As it turns out, this is not only not what Wilson reported, it is the opposite. One of the dogs not barking in this case is the New York Times' reporters who are not up-in-arms because Wilson lied to them. Is that because he was lying in a good cause, or because they knew the truth from the beginning?

Posted by: David Cohen at July 16, 2005 10:54 AM

Oj. If you're right, the left and msm will indeed experience a rash of exploding heads, but what about the general? Will his new associates in Silicon valley think more or less of him if he's outed as the dupe of the gang that couldn't shoot straight?

Posted by: erp at July 16, 2005 11:18 AM

Colin Powell owes his entire career to Affirmative Action and his role as a professional token with good table manners who looks nice in a dress uniform. The notion that the MSM, where Affirmative Action is universal and where looking good is a necessity, would never turn on one of their own like that. Powell also has been smart enough to ingratiate himself with the 'right people' in DC, protecting his incredibly undeserved iconic status.

If all roads were to lead to Powell, and I think he is shrewd enough to avoid this, the 'scandal' would disappear with a whimper and not a bang. Wilson and spouse will be off running a Baskin-Robbins in Dubuque before the Congress comes back after summer recess.

Posted by: bart at July 16, 2005 11:38 AM

All high ranking military men are fundamentally political creatures.

Posted by: oj at July 16, 2005 12:00 PM

I think you all are misjudging the left and the MSM on this. They would attack their own grandmothers if they thought it would hurt Bush and the Republicans. I doubt they would cut Powell any slack.

Posted by: PapayaSF at July 16, 2005 12:06 PM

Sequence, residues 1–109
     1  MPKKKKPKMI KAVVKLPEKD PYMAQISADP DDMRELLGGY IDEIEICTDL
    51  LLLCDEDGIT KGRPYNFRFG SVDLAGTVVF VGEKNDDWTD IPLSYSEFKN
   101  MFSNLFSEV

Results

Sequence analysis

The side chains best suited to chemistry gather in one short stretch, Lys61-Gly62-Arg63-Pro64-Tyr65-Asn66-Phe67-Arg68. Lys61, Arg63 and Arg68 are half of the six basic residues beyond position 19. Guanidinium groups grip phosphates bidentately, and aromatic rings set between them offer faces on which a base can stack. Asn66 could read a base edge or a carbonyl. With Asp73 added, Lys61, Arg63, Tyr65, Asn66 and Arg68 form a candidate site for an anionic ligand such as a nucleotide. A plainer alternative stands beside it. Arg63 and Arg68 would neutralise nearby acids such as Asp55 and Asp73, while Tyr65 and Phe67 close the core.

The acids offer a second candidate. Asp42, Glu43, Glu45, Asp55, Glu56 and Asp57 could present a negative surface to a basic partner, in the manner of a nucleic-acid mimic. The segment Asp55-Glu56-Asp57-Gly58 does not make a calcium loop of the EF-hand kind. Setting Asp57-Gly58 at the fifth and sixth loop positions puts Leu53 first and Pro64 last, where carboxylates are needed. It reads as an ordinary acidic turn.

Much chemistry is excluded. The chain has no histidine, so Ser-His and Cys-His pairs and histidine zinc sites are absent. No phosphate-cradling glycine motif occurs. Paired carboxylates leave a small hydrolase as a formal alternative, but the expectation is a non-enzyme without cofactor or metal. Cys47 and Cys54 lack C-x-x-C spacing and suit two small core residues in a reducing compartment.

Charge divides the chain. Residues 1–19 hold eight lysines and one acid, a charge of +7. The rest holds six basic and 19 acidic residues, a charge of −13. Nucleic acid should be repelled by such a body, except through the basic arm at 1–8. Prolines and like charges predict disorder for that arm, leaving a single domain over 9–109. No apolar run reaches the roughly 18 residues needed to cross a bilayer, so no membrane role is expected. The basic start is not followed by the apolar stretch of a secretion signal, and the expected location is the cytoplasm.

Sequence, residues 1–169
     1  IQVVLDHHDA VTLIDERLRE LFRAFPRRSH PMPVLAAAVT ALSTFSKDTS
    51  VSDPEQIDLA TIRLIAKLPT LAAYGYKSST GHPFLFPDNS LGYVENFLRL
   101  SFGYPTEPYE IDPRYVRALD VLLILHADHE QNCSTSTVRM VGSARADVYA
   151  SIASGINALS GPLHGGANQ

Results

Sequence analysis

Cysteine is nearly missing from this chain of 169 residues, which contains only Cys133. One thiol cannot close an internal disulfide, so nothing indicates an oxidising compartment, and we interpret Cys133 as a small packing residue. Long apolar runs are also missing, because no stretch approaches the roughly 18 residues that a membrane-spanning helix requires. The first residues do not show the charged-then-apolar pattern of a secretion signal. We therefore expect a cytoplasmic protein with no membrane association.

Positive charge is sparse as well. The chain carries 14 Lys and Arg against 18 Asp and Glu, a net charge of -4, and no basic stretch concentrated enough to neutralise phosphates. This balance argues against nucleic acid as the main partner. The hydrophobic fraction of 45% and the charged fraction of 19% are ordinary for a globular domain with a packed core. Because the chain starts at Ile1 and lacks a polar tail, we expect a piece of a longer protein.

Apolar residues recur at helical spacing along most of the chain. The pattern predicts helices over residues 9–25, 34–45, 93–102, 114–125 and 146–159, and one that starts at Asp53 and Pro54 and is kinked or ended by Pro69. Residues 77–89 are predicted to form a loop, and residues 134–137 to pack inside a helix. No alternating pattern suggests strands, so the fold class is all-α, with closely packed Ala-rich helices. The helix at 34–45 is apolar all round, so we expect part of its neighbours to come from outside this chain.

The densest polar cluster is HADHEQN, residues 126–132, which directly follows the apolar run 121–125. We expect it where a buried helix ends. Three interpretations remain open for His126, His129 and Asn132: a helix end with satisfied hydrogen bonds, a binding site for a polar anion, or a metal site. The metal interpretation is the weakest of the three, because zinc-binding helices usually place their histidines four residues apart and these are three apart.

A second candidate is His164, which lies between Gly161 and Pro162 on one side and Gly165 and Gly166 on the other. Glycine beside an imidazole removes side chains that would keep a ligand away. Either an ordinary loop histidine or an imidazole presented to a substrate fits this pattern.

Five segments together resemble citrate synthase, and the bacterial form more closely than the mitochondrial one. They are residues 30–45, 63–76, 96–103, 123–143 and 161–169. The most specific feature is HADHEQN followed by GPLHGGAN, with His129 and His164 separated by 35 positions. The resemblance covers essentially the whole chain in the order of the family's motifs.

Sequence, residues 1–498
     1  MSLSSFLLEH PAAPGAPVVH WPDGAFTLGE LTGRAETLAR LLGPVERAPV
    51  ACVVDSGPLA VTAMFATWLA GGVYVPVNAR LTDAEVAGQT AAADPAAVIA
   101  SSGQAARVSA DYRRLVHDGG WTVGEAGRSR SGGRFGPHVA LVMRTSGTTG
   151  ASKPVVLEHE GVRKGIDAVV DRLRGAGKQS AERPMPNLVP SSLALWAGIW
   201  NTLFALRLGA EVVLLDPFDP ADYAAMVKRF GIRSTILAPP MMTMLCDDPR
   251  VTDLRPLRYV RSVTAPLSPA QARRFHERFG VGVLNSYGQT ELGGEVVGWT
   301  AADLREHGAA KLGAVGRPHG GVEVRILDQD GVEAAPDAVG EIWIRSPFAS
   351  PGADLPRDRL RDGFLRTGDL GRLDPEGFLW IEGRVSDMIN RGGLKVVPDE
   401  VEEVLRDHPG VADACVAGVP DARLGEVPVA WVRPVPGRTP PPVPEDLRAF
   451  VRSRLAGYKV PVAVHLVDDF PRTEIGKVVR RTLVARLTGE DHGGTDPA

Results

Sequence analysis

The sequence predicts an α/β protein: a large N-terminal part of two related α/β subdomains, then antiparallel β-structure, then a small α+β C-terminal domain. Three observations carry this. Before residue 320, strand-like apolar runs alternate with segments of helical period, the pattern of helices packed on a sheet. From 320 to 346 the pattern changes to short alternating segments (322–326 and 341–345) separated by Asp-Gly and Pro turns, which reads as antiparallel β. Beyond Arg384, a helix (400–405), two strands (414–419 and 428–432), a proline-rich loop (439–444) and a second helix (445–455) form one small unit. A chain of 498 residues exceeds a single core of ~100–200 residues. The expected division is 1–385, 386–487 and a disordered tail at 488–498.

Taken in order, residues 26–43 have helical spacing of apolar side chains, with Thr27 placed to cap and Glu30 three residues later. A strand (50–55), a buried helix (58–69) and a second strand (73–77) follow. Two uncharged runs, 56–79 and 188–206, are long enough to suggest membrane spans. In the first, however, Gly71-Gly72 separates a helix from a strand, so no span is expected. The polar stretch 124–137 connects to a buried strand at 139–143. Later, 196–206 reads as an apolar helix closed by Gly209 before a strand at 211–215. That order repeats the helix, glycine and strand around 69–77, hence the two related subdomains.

Yes, that's the beauty of it.

Posted by: oj at July 16, 2005 12:10 PM

Sadly, OJ, even my acquaintances of general rank would agree with you.

Posted by: bart at July 16, 2005 12:20 PM


Posted by: ghostcat at July 16, 2005 12:21 PM

Wow, OJ
"All high ranking military men are fundamentally political creatures".

My brother told me in 1970 exactly that's the reason why he couldn't go higher in rank despite he's a decorated, brave and principle following officer. He also had the support of his classmates who are also generals and his superior but his recommendation are always turned down by the clowns running SVNA then. I didn't not understand it then but I always remember his answer because it was against my "common sense".

Posted by: Lan Nguyen at July 16, 2005 2:15 PM

The military, though admirable in many ways, is, at the end of the day, a bureaucracy. All bureaucracies require political skills for ultimate advancement.

Posted by: oj at July 16, 2005 3:26 PM

All true, oj, but you miss another basic truth: the American military is accountable to elected and appointed political figures. The higher your rank, the closer you are to that political leadership and the greater the need to successfully relate to them on their terms. Anyone on the Joint Chiefs, in particular, had damn well better be politically astute. This is not, on balance, a bad thing.

All of which is also true of senior civilian officials. As a bureaucrat emeritus, few things annoy me more than government officials bitching that politicians are interfering with their work. It's the price of poker, a _ _ holes.

Posted by: ghostcat at July 16, 2005 4:44 PM

Whether good or bad is immaterial. It's reality.

Posted by: oj at July 16, 2005 4:48 PM

On balance, political accountability of the military is a very good thing. (And when did you convert to a reality-ism? Cervantes frowns.)

Posted by: ghostcat at July 16, 2005 6:58 PM

If Miller's source is revealed to be Powell, how the media goes after this will be fun, as well as watching how the folks in the Congressional Black Caucus handle any attempt by the media or folks like Chuck Schumer to suddenly make Powell the focal point of the investigation.

Posted by: John at July 16, 2005 7:53 PM


reality isn't Realism.

Posted by: oj at July 17, 2005 12:18 PM